Fat oxidation is the mobilisation and utilisation of the fat stores to power the body. Fat is stored as adipose tissue generally around the stomach in males and around the buttocks and thighs in women. Fat storage comes from two major sources, excess carbohydrates that the body stores and from primary fat sources (saturated fats).
To mobilise and burn fat many people believe in the misnomer that high intensity aerobic activity will do this. In fact, high intensity training mobilises glucose stores and actually inhibits the pathways that initiate fat mobilisation. The most effective way to burn fat is through low to moderate intensity exercise and research shows that running (power walking, jogging) yields higher fat oxidation than cycling.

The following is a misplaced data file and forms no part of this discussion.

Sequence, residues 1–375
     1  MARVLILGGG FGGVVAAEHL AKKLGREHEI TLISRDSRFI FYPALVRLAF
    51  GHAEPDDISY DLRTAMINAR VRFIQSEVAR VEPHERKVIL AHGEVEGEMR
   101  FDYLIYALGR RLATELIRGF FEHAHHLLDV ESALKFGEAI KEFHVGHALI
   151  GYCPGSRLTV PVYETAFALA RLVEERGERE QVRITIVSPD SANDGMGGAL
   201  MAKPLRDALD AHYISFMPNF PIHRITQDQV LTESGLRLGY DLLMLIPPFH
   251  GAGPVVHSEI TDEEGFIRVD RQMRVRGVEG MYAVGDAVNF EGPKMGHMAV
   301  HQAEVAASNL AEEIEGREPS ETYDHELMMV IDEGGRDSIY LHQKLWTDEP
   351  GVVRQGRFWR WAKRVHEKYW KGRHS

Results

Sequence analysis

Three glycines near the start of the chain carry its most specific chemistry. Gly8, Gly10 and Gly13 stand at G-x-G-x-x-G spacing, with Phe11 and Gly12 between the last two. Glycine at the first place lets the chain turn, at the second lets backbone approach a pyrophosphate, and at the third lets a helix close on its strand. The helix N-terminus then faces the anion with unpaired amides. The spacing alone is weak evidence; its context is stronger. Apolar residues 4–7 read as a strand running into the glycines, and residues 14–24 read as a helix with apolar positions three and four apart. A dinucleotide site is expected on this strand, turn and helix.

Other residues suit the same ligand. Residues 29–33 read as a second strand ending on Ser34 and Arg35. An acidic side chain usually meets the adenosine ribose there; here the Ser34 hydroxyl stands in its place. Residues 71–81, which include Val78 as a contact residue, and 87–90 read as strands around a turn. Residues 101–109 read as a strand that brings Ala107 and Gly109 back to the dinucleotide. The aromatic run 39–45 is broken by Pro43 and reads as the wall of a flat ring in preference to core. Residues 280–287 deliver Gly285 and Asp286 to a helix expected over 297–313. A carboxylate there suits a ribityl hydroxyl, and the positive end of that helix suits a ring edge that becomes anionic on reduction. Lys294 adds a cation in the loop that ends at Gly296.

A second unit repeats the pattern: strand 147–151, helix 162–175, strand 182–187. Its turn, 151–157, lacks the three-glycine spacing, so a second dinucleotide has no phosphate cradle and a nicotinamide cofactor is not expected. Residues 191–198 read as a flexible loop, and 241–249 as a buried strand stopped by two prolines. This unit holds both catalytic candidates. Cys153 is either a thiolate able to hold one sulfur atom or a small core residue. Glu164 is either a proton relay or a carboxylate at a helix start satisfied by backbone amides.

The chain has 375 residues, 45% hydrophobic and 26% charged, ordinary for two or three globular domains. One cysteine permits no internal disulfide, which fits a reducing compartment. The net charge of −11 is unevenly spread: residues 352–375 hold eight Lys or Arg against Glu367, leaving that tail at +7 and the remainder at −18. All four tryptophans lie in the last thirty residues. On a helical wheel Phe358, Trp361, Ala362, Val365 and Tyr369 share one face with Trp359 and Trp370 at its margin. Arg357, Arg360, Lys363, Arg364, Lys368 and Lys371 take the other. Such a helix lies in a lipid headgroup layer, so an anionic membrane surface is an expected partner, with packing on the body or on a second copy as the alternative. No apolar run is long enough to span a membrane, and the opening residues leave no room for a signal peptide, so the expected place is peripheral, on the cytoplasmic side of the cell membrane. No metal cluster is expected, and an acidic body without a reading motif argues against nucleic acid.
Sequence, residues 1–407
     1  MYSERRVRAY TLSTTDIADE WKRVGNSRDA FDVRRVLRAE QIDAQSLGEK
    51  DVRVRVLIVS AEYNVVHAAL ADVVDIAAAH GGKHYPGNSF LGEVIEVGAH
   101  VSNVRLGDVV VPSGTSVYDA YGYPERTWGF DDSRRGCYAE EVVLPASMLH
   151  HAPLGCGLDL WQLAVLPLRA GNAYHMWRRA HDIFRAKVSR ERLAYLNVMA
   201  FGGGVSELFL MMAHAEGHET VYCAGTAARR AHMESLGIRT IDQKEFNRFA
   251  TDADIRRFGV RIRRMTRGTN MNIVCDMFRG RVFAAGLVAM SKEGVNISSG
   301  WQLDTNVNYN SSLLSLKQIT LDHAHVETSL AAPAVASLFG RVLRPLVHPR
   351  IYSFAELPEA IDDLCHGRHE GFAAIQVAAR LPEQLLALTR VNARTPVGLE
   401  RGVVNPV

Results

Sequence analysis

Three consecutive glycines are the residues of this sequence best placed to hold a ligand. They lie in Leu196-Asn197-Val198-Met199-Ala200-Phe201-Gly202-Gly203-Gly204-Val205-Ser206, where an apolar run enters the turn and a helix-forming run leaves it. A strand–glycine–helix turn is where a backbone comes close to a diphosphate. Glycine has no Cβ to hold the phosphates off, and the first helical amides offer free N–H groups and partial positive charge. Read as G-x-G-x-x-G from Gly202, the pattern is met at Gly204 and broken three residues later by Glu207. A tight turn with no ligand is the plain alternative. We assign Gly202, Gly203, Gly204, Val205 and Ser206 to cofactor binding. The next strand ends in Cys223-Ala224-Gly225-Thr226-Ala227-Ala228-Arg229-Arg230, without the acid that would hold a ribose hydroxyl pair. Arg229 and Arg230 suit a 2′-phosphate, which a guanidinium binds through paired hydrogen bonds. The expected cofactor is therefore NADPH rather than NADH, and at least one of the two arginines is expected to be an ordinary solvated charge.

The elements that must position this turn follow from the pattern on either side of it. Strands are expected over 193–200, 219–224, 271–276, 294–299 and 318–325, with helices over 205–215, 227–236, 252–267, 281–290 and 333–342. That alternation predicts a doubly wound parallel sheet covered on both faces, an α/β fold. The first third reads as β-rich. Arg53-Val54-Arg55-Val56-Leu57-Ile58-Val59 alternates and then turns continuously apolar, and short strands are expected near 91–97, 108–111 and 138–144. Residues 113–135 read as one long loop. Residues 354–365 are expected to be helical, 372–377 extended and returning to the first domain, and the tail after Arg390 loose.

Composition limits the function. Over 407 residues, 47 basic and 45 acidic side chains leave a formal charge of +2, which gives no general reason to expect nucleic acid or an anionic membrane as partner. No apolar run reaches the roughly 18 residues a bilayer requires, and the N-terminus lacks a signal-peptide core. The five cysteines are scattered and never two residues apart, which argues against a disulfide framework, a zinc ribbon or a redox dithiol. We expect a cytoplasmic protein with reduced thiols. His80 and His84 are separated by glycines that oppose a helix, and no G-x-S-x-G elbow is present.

To further enhance fat burn it is advisable to avoid carbohydrates in the hours before exercising as ingestion of carbohyrdates causes the release of insulin to reduce the blood sugar level which in turn inhibits lipolysis (break down of fat). Studies have shown that fasting longer than 6 hours prior to exercise optimazises fat oxidation (although it is not advisable to exercise follow a 6 hour fast).
In summary the best way to burn fat through exercise is to avoid eating carbohyrates in the hour or so prior to exercise. To exercise at a low to moderate intensity and to run/jog as opposed to something like cycling. It should also be noted that ingesting foods high in fat also reduces/inhibits fat, so a well balanced diet is important to assist with any weight loss.
Recent research has been looking at the effects high intensity intermittent exercise (HIIT) has on eating behaviour for weight management in the short and long term. The evidence that is currently being presented suggests that when HIIT is performed 3 times per week for 30-45 minutes, it results in meaningful appetite control. That is, following HIIT exercise participants ate less, equivalent to about 516kJ, which is enough to prevent weight gain and achieve weight loss.